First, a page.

Note: If you can guess from the first picture, someone [ahem, Ryan] remembered to charge the camera battery before we left BUT forgot to bring it with us [haha], oops!
Do you know the difference between a cobbler, a crisp, or a crumble?! I didn’t and honestly thought the words were interchangeable buttt I was wrong according to this website…
Cobblers: American cobblers are considered “fruit stews with dough dropped on top before baking” (ochef.com) They involve a bottom layer of fruit that is then topped with ingredients for a biscuit dough. The result is a dense, rich dessert. Not to be confused with British cobblers (made with meat), popular cobbler ingredients include: apples, peaches and cherries.
Crisps: Crisps also have a bottom layer of fruit, but their topping is much more crunchy than cobblers. Instead of a dough-like pastry that rises, the crisp is topped with a different proportion of butter, sugar and flour that is sort of crumbly, and only briefly browned in the oven. Crisps might include oats or granola in their topping as well.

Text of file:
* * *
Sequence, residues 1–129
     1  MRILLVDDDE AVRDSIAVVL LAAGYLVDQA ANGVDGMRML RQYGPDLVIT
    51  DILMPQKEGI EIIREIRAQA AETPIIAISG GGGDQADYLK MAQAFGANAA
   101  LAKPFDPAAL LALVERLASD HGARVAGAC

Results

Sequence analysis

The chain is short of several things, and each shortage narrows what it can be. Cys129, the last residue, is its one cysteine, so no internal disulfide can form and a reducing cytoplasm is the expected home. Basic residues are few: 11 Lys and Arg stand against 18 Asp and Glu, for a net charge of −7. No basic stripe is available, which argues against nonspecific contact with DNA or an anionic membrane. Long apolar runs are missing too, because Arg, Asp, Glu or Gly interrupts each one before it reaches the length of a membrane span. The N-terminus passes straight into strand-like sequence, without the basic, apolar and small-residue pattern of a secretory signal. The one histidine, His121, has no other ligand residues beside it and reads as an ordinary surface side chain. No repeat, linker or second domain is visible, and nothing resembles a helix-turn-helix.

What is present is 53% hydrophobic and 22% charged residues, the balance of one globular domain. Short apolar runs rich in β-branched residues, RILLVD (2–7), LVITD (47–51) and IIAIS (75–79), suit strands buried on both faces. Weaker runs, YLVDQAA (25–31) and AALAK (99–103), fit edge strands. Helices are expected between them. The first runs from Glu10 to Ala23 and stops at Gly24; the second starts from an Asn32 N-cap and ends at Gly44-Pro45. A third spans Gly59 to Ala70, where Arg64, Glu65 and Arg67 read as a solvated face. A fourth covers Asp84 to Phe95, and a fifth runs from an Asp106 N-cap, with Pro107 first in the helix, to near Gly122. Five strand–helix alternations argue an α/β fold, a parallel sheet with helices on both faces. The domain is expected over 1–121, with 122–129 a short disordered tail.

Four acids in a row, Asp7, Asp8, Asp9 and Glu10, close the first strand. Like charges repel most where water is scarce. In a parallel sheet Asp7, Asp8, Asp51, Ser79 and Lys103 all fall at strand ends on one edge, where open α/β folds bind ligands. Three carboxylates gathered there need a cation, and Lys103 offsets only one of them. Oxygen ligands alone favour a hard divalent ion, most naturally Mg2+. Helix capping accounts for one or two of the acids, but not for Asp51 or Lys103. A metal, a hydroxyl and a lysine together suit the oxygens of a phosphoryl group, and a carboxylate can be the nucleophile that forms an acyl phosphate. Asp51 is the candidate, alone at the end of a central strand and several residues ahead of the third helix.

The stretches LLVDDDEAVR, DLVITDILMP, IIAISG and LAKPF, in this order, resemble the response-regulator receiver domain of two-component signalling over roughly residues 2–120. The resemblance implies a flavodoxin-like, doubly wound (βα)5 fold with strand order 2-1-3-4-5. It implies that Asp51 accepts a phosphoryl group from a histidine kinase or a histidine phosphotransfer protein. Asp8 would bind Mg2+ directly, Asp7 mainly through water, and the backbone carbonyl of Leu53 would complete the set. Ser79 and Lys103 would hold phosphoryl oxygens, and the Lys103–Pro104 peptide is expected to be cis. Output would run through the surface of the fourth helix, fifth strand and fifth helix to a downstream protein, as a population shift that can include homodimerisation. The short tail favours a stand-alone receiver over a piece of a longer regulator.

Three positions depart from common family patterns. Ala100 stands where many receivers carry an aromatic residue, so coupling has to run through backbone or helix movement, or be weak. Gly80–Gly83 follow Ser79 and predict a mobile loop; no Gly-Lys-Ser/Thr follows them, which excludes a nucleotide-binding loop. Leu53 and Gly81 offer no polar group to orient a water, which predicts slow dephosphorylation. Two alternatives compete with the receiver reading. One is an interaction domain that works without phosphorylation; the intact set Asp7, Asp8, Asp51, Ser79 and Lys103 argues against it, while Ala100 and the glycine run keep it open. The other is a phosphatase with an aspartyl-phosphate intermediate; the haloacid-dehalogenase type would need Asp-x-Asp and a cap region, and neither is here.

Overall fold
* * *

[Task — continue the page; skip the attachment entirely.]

Crumbles: The crumble also begins with fruit at the bottom, but is topped with a different butter-flour-sugar mixture called a ‘streusel’. The three ingredients are mixed just until crumbly and then poured on top of the fruit. This dish is very similar to a crisp but the crumble originated in Britain whereas the crisp is seen as more American. Crisps are also more rich than crumbles with higher amounts of sugar, butter and flour.
Question: Have you ever been apple picking? If not, I highly recommend that you do! We may have picked for hours and brought home more apples than we can eat, but there still are some left on the trees for you
Question: Are you more of a cobbler, crisp, or crumble apple eater? I like the hearty texture of crisps and crumbles but I certainly won’t turn down a slice of pie or chunk of cobbler!